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Was It Suspect's Race, or Just Good Tactics, That Ended Standoff Peacefully?

When law enforcement officers spotted the suspect in two separate shootings of Baltimore-area police officers earlier this month, they used spike strips to disable his car and then chased him into a wooded area, where he was surrounded. Authorities came well-equipped: armored vehicles, helicopters, drones, sniper teams and night vision goggles were used in addition to pepper balls, flashers and tear gas. But they ultimately arrested David Linthicum, 24, after an eight-hour standoff without shooting him, prompting the attorney for the family of a woman police killed in Baltimore County after a 2016 standoff to ask whether Linthicum's race, white, is what saved him, the Baltimore Sun reports. “We look at these things as African Americans and when police tell us, ‘Well, we didn’t have any other choice and we had no other options and we did everything that we could to prevent the loss of life,’ and then you turn around and you see the David Linthicum matter, you know that the training is there, that the expertise is there,” said J. Wyndal Gordon, a local defense attorney.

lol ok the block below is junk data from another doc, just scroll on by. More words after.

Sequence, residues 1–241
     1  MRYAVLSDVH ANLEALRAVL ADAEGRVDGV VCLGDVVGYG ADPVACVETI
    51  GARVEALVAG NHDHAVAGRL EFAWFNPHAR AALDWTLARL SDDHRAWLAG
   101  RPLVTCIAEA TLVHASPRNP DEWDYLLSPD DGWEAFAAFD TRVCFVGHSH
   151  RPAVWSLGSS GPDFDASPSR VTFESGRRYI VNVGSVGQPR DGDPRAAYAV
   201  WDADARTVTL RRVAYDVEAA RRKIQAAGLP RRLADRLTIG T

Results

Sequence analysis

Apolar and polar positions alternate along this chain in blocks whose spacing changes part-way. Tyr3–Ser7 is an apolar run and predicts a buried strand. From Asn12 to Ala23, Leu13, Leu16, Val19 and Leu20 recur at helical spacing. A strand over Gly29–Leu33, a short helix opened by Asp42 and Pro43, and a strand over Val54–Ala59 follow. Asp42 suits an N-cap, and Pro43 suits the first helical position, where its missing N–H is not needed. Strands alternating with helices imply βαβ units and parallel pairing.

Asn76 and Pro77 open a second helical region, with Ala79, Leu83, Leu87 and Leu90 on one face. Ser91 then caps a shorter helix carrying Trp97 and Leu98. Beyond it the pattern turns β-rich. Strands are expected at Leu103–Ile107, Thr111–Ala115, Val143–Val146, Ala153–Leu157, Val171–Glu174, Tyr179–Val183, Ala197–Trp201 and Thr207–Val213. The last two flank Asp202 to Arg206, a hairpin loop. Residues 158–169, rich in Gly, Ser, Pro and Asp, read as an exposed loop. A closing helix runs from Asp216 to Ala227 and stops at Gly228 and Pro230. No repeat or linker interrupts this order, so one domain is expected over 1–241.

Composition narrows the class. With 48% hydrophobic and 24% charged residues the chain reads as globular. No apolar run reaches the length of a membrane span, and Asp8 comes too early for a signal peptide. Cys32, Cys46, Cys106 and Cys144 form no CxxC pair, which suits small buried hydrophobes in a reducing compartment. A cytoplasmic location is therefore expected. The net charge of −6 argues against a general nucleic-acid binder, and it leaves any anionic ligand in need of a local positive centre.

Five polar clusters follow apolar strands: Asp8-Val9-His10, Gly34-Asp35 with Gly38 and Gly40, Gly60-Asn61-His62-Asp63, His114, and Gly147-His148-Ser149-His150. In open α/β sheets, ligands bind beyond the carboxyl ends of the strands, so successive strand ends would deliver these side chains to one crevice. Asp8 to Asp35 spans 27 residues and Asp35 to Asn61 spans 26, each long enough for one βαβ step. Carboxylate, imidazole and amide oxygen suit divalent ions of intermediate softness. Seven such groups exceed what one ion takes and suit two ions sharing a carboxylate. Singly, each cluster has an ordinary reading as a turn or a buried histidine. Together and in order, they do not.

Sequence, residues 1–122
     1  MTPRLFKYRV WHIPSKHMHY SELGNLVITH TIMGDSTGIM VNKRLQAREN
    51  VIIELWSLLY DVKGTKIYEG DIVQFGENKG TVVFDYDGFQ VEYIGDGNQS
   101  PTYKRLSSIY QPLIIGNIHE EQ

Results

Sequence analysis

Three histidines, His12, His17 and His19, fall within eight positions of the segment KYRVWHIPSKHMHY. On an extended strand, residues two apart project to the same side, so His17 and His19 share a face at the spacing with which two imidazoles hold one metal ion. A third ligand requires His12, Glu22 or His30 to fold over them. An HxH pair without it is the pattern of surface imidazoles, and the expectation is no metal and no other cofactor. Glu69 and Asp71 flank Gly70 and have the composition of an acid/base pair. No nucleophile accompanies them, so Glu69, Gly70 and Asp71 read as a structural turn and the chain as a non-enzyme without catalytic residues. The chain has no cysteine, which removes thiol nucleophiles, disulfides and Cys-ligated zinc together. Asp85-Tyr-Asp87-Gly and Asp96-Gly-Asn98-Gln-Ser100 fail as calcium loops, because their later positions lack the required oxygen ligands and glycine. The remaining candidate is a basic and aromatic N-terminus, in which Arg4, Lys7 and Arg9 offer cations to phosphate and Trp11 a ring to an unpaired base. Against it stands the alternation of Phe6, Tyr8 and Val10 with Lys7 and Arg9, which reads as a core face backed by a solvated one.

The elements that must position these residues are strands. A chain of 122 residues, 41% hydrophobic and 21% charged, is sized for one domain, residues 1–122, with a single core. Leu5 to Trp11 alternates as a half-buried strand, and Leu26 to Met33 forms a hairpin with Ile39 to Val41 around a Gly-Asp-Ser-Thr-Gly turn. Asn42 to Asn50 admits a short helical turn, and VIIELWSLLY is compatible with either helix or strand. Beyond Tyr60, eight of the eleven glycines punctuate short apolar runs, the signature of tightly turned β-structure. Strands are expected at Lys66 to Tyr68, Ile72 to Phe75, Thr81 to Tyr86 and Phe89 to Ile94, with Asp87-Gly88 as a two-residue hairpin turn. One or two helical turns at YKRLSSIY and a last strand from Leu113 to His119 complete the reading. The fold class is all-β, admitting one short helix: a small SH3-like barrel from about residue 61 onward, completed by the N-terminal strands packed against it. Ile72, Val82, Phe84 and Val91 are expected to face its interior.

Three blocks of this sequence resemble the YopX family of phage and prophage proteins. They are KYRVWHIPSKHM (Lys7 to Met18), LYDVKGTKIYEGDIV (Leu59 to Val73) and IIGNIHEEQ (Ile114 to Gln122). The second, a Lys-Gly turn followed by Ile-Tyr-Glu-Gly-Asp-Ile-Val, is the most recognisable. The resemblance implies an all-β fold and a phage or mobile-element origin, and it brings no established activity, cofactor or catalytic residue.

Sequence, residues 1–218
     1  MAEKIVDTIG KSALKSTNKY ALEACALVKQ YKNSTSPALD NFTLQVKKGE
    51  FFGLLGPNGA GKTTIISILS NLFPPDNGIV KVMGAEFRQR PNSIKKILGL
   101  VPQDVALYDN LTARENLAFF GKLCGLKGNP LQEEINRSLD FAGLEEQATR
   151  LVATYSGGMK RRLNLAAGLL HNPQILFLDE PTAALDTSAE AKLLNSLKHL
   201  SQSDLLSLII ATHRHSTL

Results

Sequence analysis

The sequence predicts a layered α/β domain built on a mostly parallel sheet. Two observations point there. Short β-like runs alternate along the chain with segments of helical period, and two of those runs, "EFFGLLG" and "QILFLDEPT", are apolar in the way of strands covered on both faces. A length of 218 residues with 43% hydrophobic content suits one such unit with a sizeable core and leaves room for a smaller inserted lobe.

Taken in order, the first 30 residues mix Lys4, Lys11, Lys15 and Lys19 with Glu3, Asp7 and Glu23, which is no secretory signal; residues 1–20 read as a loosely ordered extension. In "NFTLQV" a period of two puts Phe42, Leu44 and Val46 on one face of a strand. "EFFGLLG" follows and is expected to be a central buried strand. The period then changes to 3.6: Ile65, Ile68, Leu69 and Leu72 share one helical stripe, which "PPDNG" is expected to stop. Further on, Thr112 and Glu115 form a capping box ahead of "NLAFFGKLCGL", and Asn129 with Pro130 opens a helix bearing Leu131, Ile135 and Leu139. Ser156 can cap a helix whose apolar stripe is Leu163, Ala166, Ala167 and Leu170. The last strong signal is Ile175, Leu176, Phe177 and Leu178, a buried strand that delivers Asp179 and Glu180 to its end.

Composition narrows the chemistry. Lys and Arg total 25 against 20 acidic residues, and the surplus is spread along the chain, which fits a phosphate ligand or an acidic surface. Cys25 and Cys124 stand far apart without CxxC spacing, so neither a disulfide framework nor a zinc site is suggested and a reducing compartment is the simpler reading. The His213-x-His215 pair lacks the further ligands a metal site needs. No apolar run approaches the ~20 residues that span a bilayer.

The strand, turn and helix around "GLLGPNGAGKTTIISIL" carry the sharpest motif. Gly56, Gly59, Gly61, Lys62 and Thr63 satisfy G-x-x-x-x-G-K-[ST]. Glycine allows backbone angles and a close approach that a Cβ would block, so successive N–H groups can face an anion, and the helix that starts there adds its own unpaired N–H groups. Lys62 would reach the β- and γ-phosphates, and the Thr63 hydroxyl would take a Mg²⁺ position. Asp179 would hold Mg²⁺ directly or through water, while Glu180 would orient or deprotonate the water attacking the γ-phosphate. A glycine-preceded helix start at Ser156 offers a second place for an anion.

Harford County Sheriff Jeffrey Gahler said in an interview that his officers were prepared to kill Linthicum, and would have had he acted in a way that threatened their safety. Police are not allowed to use lethal force unless there is an imminent threat to their lives or the lives of others. “It didn’t end fatally because the suspect didn’t put us in a decision that forced us to kill him,” Gahler said. In virtually every police situation, the longer officers have to plot out their response, the more likely lethal force will be avoided, said Seth Stoughton, a use-of-force expert and professor at the University of South Carolina School of Law. When police are able to coordinate resources and draw up plans they tend to feel safer, meaning they are less likely to use deadly force, said Stoughton, who was also a police officer in Tallahassee, Fl. “Time is definitely the most important tactical concept in policing,” Stoughton said.


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